Last fall, Elizabeth Villafranca was getting into political activism for the first time, attending protests against the crackdown on illegal immigrants in Farmers Branch and holding community meetings at Cuquitas, the restaurant she owns with her husband. A year later, the wife, mother and devout Catholic is being honored as the Dallas Peace Center’s Peacemaker of the Year.
A newcomer to the Latino advocacy scene at a moment of high-pitched conflict over immigration, Villafranca set forth with a leadership style that combined determination with a penchant for consensus and dialogue. Which doesn't mean she expected to be honored for it.
“I was really surprised,” she tells Unfair Park. “I feel a little bit overwhelmed because it’s not something I ever expected. My goal in life was not to be recognized by anybody -- I just felt so strongly I needed to be a voice for people who are so unheard so much of the time.”
Villafranca, as always managing to be both bubbly and humble, may sound earnest and a bit naïve. But as far as we can tell, she means the things she says and actually lives them. This is a woman with an incredibly comfortable life who could easily spend her free time attending women’s luncheons, joining a walking club or volunteering somewhere devoid of the tension and conflict that comes with the immigration debate.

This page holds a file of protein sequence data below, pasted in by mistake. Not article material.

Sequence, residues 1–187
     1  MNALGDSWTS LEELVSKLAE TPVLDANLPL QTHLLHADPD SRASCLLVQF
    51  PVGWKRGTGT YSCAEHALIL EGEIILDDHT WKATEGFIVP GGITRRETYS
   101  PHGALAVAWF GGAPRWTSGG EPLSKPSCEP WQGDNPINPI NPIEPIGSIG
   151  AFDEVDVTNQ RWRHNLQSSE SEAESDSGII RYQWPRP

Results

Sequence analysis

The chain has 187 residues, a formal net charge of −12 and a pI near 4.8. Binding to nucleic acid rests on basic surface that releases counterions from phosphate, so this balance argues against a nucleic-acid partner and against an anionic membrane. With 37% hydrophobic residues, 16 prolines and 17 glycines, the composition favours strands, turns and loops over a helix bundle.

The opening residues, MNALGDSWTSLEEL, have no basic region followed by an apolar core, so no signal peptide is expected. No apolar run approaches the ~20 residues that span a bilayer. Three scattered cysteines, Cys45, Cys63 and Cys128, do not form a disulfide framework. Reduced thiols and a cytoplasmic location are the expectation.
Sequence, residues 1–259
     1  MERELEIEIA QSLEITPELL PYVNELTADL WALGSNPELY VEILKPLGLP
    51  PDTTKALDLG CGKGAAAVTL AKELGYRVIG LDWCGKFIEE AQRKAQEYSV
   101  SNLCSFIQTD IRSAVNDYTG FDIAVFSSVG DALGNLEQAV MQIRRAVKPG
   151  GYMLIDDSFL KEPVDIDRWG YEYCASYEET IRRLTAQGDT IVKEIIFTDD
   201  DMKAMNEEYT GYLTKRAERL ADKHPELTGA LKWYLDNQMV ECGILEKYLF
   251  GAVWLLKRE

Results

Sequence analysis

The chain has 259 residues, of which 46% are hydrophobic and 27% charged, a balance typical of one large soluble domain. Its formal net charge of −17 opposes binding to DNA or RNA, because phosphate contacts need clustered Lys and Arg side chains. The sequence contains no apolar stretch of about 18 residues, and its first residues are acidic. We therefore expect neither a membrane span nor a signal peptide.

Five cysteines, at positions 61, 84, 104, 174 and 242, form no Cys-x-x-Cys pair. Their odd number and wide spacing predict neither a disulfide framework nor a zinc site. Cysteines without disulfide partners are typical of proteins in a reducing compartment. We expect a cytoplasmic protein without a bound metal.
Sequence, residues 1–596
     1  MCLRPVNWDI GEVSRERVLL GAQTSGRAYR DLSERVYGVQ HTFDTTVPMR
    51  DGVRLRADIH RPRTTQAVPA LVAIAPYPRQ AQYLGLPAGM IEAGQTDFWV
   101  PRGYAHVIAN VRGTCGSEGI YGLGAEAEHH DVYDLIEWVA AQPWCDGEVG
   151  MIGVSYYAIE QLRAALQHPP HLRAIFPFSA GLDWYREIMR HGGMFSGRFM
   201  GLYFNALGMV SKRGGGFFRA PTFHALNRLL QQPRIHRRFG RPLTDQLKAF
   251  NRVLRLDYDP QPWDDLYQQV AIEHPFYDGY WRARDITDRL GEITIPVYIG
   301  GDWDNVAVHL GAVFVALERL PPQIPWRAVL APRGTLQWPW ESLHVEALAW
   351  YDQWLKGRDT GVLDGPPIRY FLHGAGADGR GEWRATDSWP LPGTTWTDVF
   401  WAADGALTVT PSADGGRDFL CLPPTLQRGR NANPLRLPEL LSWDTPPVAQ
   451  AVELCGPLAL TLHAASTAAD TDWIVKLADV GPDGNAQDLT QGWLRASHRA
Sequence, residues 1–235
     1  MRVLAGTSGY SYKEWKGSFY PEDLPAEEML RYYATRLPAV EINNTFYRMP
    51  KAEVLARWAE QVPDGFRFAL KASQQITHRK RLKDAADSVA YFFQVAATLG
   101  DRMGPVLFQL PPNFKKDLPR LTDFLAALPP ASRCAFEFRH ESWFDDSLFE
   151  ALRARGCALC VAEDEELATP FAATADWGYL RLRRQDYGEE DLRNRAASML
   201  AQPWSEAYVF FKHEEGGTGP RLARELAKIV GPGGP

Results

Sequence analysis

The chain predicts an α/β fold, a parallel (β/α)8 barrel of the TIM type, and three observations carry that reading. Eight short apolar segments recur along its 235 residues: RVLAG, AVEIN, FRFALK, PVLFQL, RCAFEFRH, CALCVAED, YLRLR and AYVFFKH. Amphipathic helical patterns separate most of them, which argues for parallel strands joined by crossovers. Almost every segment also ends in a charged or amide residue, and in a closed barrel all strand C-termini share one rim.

Instead, for the past year she has dragged her 8-year-old daughter to demonstrations and meetings to educate her about diversity and democracy, spoke on radio shows and lobbied local churches to offer mass in Spanish.
“I really just try to put myself in God’s hands and use my talents for whatever needs to be done,” she says. “I’m just a regular person, so I think [me getting the award] could be a good example for other people in the community who feel strongly but feel their voice doesn’t matter. Mother Theresa said not to ever wait for great people to come along, to do things yourself one thing at a time. If we all did that, how cool would that be?” --Megan Feldman
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